Scott Rasmussen is a technical editor and translator working among English, Spanish and Dutch. He has had a parallel career as a legal administrator, helping to manage some of the largest cases in U.S. history. A graduate of the University of California, Rasmussen has had extensive post-graduate training at institutions throughout the Spanish-speaking world.
American ad shops have never produced more copy in Spanish, and too much of it is impaired.
Even the Hispanic agencies produce Spanish copy that is misspelled and ungrammatical. When the copy is grammatical and spelled correctly, it often contains pidgin vocabulary: oficinas corporativas for domicilio social, contraparte for homólogo. Yes, Spanglish stalks advertising’s virtual enclosure, as the ghastly phrases ciertas restricciones aplican and oferta por tiempo limitado propagate remorselessly.
But there is a bright spot: I seldom see México misspelled anymore.
Experience has taught me that many of the people writing and editing the copy lack skills, nous, or both. I’ve met bilingual writers in the Hispanic sector who haven’t cracked Spanish syntax, or fully learned the accentuation rules. Unsurprisingly, some of those same writers have scarcely heard of the Diccionario panhispánico de dudas, Fundéu BBVA, or Manuel Seco. That said, most of their mistakes might be avoided just by consulting the Diccionario educativo juvenil, or a school primer.
Good enough for whom?
Defective Spanish copy undermines the message. It induces doubt in the mind of the audience because the entity associated with the ad is seen as sloppy and lazy. If the entity spells badly or mistranslates basic technical terms, can it be trusted to manage an investment portfolio, or implement a national insurance scheme?
Defective Spanish copy also establishes a double standard. Countless businesspeople from Latin America and Spain, and first-generation Latinos of varied background, have told me this.
They don’t feel flattered that someone is trying to address them in their mother tongue. They feel relegated to the second tier, sensing that the types of mistakes they see would never be tolerated in advertising directed to English-speakers.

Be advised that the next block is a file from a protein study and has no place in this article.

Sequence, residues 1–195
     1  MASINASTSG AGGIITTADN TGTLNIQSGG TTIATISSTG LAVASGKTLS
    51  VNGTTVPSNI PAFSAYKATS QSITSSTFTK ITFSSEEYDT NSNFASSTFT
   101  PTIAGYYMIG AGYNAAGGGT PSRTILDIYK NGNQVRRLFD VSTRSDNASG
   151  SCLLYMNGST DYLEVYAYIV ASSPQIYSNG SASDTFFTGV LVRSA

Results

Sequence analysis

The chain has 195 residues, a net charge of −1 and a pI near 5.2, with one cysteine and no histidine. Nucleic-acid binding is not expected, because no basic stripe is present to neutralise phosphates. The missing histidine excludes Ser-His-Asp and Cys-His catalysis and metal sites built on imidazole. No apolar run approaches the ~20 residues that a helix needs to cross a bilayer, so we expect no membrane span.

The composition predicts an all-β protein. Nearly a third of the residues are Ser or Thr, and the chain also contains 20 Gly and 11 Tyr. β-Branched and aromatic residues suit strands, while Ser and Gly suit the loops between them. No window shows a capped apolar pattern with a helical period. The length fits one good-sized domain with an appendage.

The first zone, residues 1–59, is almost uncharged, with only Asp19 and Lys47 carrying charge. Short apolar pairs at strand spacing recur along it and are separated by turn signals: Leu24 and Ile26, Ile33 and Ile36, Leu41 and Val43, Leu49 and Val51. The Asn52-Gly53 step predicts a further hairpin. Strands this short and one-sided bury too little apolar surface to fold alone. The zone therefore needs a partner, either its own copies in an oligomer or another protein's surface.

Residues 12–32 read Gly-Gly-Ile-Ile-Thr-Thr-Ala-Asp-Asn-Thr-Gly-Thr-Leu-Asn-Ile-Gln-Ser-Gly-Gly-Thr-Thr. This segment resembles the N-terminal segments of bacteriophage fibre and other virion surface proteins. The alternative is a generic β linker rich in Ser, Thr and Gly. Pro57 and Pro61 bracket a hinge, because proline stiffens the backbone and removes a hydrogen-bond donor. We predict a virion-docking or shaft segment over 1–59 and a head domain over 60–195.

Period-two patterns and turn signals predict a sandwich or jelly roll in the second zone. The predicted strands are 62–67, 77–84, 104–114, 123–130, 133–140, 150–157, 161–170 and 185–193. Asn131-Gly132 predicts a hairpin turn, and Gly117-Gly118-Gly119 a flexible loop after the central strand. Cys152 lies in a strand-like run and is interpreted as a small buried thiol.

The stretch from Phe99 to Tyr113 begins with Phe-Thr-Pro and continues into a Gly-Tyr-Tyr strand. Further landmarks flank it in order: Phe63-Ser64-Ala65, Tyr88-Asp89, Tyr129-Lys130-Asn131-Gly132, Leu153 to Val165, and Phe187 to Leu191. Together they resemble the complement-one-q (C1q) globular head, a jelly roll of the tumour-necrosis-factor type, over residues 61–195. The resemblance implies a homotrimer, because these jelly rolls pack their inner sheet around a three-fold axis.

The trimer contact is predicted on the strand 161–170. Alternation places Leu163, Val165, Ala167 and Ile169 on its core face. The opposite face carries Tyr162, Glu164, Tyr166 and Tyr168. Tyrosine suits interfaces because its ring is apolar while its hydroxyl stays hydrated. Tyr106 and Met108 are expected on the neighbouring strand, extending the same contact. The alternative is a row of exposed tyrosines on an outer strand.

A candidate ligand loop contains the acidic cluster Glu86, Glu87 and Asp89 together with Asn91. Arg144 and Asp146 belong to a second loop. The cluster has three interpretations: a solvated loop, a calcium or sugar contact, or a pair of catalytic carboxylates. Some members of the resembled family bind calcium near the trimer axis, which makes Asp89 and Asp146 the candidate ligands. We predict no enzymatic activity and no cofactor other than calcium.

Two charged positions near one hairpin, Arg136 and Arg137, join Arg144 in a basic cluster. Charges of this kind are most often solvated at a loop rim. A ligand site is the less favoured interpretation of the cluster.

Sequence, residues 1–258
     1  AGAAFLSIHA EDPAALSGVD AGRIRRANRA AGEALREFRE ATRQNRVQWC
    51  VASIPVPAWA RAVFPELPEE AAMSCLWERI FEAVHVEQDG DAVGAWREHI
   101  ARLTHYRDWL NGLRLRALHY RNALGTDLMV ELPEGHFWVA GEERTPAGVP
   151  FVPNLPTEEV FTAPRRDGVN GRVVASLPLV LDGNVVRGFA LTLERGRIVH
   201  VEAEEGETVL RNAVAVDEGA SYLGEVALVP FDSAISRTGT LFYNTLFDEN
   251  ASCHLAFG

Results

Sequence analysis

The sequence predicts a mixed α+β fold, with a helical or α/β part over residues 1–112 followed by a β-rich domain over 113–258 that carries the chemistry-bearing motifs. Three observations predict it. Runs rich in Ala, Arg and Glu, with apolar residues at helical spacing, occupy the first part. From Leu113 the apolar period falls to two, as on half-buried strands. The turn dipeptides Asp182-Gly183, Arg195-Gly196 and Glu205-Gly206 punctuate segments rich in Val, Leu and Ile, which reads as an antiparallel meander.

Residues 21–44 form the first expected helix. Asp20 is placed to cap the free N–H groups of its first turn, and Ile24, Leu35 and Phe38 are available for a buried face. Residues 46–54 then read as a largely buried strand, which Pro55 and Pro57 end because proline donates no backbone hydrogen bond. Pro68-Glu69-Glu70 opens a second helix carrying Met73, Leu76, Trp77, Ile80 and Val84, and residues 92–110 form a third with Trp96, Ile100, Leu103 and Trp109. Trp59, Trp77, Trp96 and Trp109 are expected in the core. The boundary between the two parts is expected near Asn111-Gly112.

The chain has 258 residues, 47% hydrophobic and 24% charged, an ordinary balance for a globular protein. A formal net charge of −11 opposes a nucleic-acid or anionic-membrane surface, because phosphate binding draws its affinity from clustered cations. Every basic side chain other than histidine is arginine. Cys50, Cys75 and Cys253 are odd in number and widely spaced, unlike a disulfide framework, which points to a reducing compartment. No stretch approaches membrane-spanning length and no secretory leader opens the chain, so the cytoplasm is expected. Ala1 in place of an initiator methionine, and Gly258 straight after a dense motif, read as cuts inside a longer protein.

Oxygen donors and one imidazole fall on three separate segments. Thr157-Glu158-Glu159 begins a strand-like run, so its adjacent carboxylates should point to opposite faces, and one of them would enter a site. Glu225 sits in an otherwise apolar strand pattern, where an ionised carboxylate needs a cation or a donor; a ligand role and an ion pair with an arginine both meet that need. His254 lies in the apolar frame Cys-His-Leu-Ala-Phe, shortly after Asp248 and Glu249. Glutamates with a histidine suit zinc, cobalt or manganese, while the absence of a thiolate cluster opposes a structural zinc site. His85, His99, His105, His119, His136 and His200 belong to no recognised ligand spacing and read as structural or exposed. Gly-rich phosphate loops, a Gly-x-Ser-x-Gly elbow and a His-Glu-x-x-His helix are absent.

I wonder whether the Instituto Cervantes or the Academia Norteamericana de la Lengua Española might be enlisted to apply their expertise across the entire Hispanic advertising sector. Such an active involvement would raise standards, and help disrupt the feedback loop embracing the agencies and the U.S. Spanish-language press, a medium not known for quality writing. There is precedent in other sectors for such collaboration. Think of the insurance industry’s creation of Underwriters Laboratories, or the close cooperation among the auto majors in developing core technologies.
With or without Cervantes and ANLE, the Hispanic sector’s constituents need to try harder. Clients can help by rejecting implausible explanations for failure. I’ve seen agencies try to cover their blunders in Spanish citing “an unfortunate succession of unlikely events that won’t be repeated.” Yet the blunders often recur.
Consequently, when a client shows me an ad with objective mistakes, my advice is invariant: Fire the agency that generated it. If someone in-house claiming proficiency in Spanish approved the agency’s final, then that person’s approval authority should be withdrawn.
Agencies, clients and swathes of the public have become habituated to low standards, and bad habits are hard to break. As I’ve said to my client-side contacts for years: I can point out the flaws and tell you how to fix them. But I can’t make you care!
Do you have examples of defective Spanish copy, whether created by a U.S. agency or not? PLEASE INCLUDE THEM IN THE COMMENT BELOW! (You may also send them to Mr. Rasmussen at firstname.lastname@example.org.)
The new AP Stylebook: Yest to Americanisms, no to Spanglish